Hermeneutics and Blue Parakeets: How Things Could Have Been Different, Part 2 (Division)

bible.jpgSurely the dominant characteristic of the 20th Century Churches of Christ was our propensity for splitting churches. A lot of good was done by the Churches in those days, with many missionaries sent, colleges founded, and such — but the Church was greatly weakened by internal conflict that kept many Churches from cooperating with others.

For example, even today we are losing campus ministries much faster than we are founding them because so many of our ministries were cooperative efforts among local churches. Those churches have now fallen out fighting — and so refuse to cooperate in campus work. The result is that no one church is large enough to support the ministry and the ministry dies.

Many missionaries have found themselves losing financial support when a sponsoring church splits and neither half can afford to continue the support. They now have to pay for two preachers and two buildings, and so their mission budget gets cut.

Now, division has many roots, but the tap root — the one that goes straight down and supports the tree of division — is an attitude that purity of doctrine is more important than shared community. Part of this is due to a misunderstanding of grace, and this misunderstanding comes from a flawed hermeneutic.

We see this flaw exposed even today in the way we carry on our conversations with those we disagree with. You don’t have to look long at the Church of Christ internet forums (or a few of the comments posted on this blog) to see examples of hateful, rude speech directed between brothers. Indeed, you don’t have to look long to see outright lies told in an effort to persuade. I mean, it’s amazing how glad many are to bear false witness when it suits their purposes.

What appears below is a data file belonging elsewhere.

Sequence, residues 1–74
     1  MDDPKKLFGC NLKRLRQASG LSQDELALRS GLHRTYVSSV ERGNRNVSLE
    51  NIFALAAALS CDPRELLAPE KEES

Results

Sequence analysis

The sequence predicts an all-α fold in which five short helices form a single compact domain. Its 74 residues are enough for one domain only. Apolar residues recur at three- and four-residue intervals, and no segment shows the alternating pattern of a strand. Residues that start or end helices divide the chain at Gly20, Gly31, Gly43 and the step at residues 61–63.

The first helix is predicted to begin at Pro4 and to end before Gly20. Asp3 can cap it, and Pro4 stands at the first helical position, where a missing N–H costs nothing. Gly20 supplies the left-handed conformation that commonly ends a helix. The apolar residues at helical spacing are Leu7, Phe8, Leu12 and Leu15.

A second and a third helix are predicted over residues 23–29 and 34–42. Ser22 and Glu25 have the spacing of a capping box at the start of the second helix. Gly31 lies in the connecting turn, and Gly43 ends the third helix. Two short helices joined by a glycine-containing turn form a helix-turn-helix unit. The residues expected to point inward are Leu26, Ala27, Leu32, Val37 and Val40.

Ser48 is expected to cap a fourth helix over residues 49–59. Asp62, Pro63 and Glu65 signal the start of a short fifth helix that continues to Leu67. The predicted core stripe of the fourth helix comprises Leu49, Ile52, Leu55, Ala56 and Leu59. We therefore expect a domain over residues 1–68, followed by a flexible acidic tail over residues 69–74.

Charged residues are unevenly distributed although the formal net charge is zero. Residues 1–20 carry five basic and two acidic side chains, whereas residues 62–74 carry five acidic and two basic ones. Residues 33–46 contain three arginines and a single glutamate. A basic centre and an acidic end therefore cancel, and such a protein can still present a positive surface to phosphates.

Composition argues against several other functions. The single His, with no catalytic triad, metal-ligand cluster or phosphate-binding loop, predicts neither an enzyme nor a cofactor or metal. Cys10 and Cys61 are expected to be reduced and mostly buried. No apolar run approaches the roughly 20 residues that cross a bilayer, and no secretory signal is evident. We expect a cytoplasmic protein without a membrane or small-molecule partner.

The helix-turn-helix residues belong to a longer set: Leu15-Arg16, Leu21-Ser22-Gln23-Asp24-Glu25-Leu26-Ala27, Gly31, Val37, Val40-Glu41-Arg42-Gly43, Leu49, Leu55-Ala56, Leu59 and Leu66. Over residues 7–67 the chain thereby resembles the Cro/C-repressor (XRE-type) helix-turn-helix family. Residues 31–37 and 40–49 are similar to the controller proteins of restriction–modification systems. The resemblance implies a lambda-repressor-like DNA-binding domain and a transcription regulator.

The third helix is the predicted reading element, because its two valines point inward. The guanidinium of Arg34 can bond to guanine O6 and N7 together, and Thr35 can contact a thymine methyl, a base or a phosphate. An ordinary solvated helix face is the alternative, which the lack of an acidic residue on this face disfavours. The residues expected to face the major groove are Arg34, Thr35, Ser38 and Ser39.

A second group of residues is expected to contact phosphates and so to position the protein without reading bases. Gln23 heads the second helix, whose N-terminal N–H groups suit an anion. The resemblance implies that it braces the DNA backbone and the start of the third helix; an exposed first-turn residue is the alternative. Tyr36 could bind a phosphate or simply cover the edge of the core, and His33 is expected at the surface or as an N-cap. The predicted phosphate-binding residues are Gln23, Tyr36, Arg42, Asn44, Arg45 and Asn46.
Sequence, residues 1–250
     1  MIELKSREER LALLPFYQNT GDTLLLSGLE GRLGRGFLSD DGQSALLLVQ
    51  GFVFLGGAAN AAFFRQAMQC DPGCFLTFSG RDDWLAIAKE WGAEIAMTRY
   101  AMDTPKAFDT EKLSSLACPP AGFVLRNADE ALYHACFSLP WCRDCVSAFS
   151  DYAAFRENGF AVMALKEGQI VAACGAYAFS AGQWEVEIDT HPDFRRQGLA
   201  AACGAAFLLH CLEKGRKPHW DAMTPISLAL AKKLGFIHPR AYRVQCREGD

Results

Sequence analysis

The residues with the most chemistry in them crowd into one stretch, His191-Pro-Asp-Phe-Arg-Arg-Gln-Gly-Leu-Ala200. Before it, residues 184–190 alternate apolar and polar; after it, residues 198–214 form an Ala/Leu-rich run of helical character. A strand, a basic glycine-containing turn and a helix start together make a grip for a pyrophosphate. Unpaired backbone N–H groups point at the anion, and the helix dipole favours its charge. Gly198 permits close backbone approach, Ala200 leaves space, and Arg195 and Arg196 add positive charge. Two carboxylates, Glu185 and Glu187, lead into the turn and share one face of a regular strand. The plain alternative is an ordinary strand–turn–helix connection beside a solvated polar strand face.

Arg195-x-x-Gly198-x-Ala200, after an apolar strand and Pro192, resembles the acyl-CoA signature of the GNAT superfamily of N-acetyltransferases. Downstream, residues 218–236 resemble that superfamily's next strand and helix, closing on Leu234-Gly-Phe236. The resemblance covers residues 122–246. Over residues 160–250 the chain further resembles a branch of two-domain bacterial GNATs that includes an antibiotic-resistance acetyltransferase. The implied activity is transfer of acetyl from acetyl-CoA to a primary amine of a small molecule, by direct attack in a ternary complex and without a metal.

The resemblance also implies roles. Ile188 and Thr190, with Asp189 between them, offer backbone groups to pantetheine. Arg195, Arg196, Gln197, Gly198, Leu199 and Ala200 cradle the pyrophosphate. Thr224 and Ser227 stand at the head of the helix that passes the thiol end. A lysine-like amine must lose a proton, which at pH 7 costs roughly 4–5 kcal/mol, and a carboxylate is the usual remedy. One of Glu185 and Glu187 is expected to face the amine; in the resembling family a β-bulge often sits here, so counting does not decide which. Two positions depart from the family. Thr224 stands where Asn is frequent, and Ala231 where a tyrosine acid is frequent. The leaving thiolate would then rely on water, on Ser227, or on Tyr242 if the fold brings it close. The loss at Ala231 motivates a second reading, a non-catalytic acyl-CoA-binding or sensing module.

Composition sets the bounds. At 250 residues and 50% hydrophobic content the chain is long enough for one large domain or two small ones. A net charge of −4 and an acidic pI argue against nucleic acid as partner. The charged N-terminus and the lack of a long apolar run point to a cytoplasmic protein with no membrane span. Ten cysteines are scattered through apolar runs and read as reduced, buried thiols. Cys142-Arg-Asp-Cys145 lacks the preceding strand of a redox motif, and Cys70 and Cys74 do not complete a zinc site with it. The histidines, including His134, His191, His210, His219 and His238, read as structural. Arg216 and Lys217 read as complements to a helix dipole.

Now, contrast this state of affairs with the Story. The Story encourages us to listen to God through his scriptures. We are to relate to God, however, not his writings. We are to worship the Word, not the word. Therefore, as important as true doctrine is, it’s not as important as the Truth.

 (John 14:5-7)  Thomas said to him, “Lord, we don’t know where you are going, so how can we know the way?”

6 Jesus answered, “I am the way and the truth and the life. No one comes to the Father except through me. 7 If you really knew me, you would know my Father as well. From now on, you do know him and have seen him.”

Jesus does not so much teach truth as he is truth. The way to salvation isn’t just through his teachings, it’s through him. When Thomas asks how to know the way, Jesus says, in effect, “Know me.”

Now, I’m big on doctrine and big on scriptures. I don’t wish to be read as making light of them, any more than Jesus is. Rather, Jesus’ point is that the scriptures point to him. He didn’t come to give us scripture. He gave us scripture to help us find him.

Jesus lives on earth today. Well, at least his body does. And his body on earth is the church. It’s the covenant community that replaces — “fulfills” might be a better word — Israel and God’s very personal relationship with Abraham. The church benefits from God’s covenant with Abraham and has access to God much as Abraham enjoyed, thanks to that covenant. 

God dwelled among the Israelites within the Holy of Holies. He dwells among his people today through his Spirit, indwelling each of us — and just as important — indwelling each congregation, which is a temple of the Spirit.